Can I avoid bankruptcy but still deal with my debts?

Yes!  A Consumer Proposal is another option to deal with your debt.  A Consumer Proposal is simply a deal between you and your creditors to offer less than 100 cents on the dollar, in full settlement of the debt. The creditors vote on the proposal and the proposal is legally binding on all your unsecured creditors, so they can’t pursue you for payment.

Tracey Lowe, Licensed Insolvency Trustee (Burnaby office)

Is a Consumer Proposal the same as debt settlement?

A Consumer Proposal is definitely not the same as a debt settlement agreement. With debt settlement you would need to come up with a lump sum all at once, which can be very difficult; whereas in a Consumer Proposal you can make monthly payments and the payments are pre-determined, making budgeting easier. Also with a debt settlement the creditors do not have to agree to this and they can sue you, obtain a judgement against you and either garnish your wages or put a lien on your assets.

A stay of proceedings goes into effect when you start a Consumer Proposal and creditors cannot sue you anymore. I always say a Consumer Proposal is the best product available because not only is the debt itself reduced, but payments can be made monthly, the interest and penalties are stopped and on top of that the creditors cannot contact you.

Marlene Byrne, Estate Manager (Maple Ridge office)

Can I keep my house and car if I file for personal Bankruptcy?

Provincial legislation states that you are allowed to keep a number of assets, including equity in a vehicle up to $5,000, as well as a portion of the equity in your home.  Any amount over and above that exempt value the trustee has a responsibility to collect or realize for the creditors.  If the equity amount is low a person can generally pay the equity amount throughout the bankruptcy process.

It’s important to note that even if a person has equity in their car or home that is more than the exemption amounts allowed, it doesn’t mean they won’t get to keep the asset.  There are a few ways to deal with the assets in that case.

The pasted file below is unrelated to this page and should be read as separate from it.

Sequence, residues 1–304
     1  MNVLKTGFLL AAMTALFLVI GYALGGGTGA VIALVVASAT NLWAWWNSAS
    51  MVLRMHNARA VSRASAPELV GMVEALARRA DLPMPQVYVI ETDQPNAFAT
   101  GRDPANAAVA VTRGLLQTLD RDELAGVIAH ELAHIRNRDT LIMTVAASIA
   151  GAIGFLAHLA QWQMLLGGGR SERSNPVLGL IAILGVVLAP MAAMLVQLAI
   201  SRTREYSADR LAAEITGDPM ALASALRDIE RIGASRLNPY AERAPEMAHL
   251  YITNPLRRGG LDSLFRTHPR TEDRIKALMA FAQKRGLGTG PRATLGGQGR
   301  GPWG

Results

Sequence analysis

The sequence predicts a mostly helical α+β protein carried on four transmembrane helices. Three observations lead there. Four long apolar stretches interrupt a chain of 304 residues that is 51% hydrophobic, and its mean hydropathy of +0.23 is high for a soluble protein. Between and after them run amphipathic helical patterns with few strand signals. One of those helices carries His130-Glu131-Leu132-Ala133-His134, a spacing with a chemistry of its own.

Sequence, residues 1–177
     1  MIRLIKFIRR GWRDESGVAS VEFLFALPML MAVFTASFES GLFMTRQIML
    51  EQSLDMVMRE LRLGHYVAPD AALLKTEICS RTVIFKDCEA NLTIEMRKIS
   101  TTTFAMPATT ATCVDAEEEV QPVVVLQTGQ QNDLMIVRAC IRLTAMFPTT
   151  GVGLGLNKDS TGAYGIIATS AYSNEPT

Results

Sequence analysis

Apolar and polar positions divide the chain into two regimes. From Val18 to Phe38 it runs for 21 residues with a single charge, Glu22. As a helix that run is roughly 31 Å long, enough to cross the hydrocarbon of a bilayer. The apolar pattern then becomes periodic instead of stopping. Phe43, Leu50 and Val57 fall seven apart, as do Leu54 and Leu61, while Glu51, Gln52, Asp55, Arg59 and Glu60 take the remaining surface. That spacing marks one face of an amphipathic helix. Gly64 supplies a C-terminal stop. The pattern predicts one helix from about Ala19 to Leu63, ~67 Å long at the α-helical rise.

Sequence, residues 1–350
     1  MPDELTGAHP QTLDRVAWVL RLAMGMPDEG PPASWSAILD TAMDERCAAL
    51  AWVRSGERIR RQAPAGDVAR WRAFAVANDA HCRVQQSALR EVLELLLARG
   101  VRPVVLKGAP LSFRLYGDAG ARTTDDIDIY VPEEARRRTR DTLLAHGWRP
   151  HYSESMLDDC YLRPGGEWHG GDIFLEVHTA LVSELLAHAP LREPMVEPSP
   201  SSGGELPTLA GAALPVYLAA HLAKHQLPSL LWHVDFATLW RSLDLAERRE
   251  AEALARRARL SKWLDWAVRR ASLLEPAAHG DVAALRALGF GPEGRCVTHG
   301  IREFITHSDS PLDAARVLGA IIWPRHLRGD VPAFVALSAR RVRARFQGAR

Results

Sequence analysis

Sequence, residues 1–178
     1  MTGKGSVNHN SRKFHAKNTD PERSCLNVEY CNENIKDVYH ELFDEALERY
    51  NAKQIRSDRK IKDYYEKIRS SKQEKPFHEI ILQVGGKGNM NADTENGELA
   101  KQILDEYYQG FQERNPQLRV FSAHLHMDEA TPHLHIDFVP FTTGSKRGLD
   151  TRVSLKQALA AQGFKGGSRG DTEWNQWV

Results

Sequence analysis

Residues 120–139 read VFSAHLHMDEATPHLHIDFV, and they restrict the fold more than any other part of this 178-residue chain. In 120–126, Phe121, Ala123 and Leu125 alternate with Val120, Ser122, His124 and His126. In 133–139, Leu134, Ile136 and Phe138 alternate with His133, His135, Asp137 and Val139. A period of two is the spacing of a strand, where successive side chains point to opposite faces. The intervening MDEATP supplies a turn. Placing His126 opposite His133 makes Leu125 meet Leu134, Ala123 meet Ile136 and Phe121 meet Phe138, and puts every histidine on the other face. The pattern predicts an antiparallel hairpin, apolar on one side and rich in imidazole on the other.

If you have a loan on your vehicle or a mortgage for your home, we establish through documentation you and your creditors provide if there is any equity (of course the exemptions mentioned above are also factored in).

If the trustee establishes that there is no equity in the vehicle, you can decide whether or not you want to keep making payments on the financing, or to let the car go back to the creditor. If you wish to return the vehicle it will be covered under the bankruptcy or Consumer Proposal.  The same basic options apply with a mortgage.

Sandra Myers, Estate Manager (Chilliwack office)

How does a Bankruptcy or Consumer Proposal impact my spouse? 

If you spouse isn’t attached to any of your loans by co-signing or guaranteeing them, it won’t affect your spouse at all.  Your spouse will be able to maintain his/her credit rating throughout your Bankruptcy or Consumer Proposal.

Cindy Wallas, Estate Manager (White Rock office)

What are your fees as licensed insolvency trustees?

In most cases our fees are legislated by the government of Canada.

All fees taken by licensed insolvency trustees are subject to the approval of creditors, our regulator (The Office of the Superintendent of Bankruptcy) and the court.  This ensures complete transparency and promotes the integrity of the insolvency system.

Individuals that are not regulated by the government or the Office of the Superintendent of Bankruptcy may charge as they wish.

Raj Hara, Licensed Insolvency Trustee (Surrey office)

Check in next week for Part II of our “Top FAQs”!

Ready to talk?  Contact us for a free, confidential consultation to discuss your situation and debt solutions.


Ask the Trustee – July Edition

Licensed insolvency trustee Blair Mantin answers your questions about how to manage debts, including options such as Credit Counselling, Consumer Proposals and Bankruptcy in BC!

Q: What is a Licensed Insolvency Trustee, or Bankruptcy Trustee?

A: Licensed Insolvency Trustees, or Bankruptcy Trustees are those legally empowered to shield you from creditors.  Even debts such as income tax and student loans can be eliminated with the help of a Trustee.  Trustees are also the only people who may file a Consumer Proposal to settle your debts in full, at a reduced amount with no interest.

Trustees are licensed and overseen by the government to administer Consumer Proposals and Bankruptcies.  They must meet specific qualifications and have successfully completed a specialized program.

Trustees are impartial officers of the court, they will review all of your options with you for free, ensuring you have the knowledge needed to resolve your debts.

To find out more about your debt options, call us at 1-800-661-3030 or contact us here to arrange for a free, confidential consultation.